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Currently I have few methods that accept GridView object as parameter and the value within the GridView object is being accessed to perform calculation.

My question is whether this is a good practice? I notice that when I need to change the result display (i.e. the GridView will have a result of 9 cells rather than 10 cells originally), I would need to change all the methods that uses it or risk getting an ArrayIndexOutOfBound error.


public static string checkCount(GridView gr)
     //need to change the cell index if the sql to get the gridview is changed
     string name = gr.Rows[b].Cells[9].Text.ToUpper(); 

Any thoughts on this?


Is it better to have a method that put map the sql result into a list of object, where the object itself is a representation of the data row. This way even if i remove a column, i just need to deal with the mapping method itself, others should be functioning as per norm.


public class Profile{
    string name {get;set;}
    string icNo {get;set;}

public list getProfileList(){
    //run some query here and loop the result
    //while looping
    profile = new Profile(name=/*the name result*/, icNo=/*icNo from result*/ );
    //return the list

Page Load

List profiles = getProfileList();
gv.DataSource = profiles;

public string calculationMethod(List profiles){
    //when in need of the result, just get the object from profiles and process
share|improve this question
If it allows you to avoid duplicating code, it is a good practice. The challenge is to build proper methods, in the good layer (stay in the UI layer), and with the less possible complexity to avoid frankenstein methods. – Steve B Sep 10 '12 at 9:22
There is duplication in the sense that, whenever i need to get the value name from the gridview, i have to use the Text method which involve the index number, and when i change the sql, i would need to change all of them (imagine having that line scattered around a few classes). I think it could lead to maintenance issue, hence asking for opinion. – ipohfly Sep 10 '12 at 9:34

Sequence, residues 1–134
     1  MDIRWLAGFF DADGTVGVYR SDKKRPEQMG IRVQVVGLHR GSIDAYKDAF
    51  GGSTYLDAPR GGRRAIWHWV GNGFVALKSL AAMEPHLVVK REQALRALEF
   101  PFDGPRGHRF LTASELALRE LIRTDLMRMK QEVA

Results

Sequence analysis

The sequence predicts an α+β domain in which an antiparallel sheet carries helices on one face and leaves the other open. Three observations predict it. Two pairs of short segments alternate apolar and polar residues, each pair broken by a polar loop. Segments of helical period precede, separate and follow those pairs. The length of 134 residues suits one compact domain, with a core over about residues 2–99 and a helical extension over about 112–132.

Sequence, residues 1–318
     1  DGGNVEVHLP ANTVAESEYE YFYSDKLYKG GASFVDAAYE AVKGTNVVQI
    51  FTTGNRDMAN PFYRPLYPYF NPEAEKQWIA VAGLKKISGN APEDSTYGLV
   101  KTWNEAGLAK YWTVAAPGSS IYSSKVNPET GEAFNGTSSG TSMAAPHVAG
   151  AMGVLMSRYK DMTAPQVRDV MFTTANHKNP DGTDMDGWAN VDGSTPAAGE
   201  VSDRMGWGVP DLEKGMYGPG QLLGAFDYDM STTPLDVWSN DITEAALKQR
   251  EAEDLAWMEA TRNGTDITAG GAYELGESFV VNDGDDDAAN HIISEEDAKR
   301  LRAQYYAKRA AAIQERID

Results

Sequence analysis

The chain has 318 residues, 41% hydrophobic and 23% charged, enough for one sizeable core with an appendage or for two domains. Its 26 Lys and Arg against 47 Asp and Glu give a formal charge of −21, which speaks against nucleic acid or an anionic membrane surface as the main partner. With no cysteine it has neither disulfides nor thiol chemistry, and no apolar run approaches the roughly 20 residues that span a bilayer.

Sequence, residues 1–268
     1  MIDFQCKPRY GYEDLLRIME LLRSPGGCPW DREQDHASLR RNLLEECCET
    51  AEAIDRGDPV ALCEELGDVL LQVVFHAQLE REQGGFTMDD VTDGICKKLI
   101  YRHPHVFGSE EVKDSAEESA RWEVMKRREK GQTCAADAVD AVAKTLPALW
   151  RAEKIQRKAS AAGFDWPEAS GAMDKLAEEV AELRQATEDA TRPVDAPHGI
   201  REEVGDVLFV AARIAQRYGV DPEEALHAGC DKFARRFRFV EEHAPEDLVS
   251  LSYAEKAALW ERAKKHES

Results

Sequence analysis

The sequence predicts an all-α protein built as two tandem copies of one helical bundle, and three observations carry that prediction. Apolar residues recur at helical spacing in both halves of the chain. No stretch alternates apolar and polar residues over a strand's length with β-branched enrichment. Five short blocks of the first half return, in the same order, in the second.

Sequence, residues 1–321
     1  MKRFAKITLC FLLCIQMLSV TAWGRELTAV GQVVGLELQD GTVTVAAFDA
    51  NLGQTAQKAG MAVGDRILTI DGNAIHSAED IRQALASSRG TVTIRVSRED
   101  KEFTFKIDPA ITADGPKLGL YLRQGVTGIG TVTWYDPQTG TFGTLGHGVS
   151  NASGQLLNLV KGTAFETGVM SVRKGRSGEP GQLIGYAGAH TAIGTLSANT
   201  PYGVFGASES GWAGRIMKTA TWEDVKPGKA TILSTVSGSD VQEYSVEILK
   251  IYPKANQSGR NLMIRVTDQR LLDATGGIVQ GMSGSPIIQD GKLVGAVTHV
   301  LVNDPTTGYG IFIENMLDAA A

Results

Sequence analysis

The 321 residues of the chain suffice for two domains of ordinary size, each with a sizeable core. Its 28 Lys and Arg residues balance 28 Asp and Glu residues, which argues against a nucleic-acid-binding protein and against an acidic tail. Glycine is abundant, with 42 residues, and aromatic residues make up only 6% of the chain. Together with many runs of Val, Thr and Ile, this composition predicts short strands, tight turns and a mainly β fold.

up vote 1 down vote accepted

object as parameter and the value within the GridView object is being accessed to perform calculation

From where do the values come? I think a better practice would be to perform the calculations directly on your data/business object or a helper object which is responsible for only this specific calculation. Then you could have another function which dynamically creates the result view from this helper object instead of your BO or whatever.

will have a result of 9 cells rather than 10 cells originally

This is exactly why you should work not directly with the cells for calculation. And if you really need to do it, so you should look for another way to find the indices for the calculation. They could depend on the actual result object. (In which your values can be present also in the specific data type; only for visualization and user input the should converted to string or some-like)

In generell to solve this problem you should analyse clearly what are your needs. Keep some things like:

Also may think of using n-Tier model for your application

share|improve this answer
+1 for most of your answer. This isn't an n-tier problem, this is a classic "helper method" problem - helper methods that are just too darned helpful. – slugster Sep 10 '12 at 9:42

Convert <asp:BoundField> to: <asp:TemplateField>:

<asp:TemplateField HeaderText="name" SortExpression="DateCreated">
             <asp:label id="LbMyName" text="" runat="server">

now you can call from code behind:

Label lb = GridView1.Rows[i].FindControl("LbMyName");
share|improve this answer

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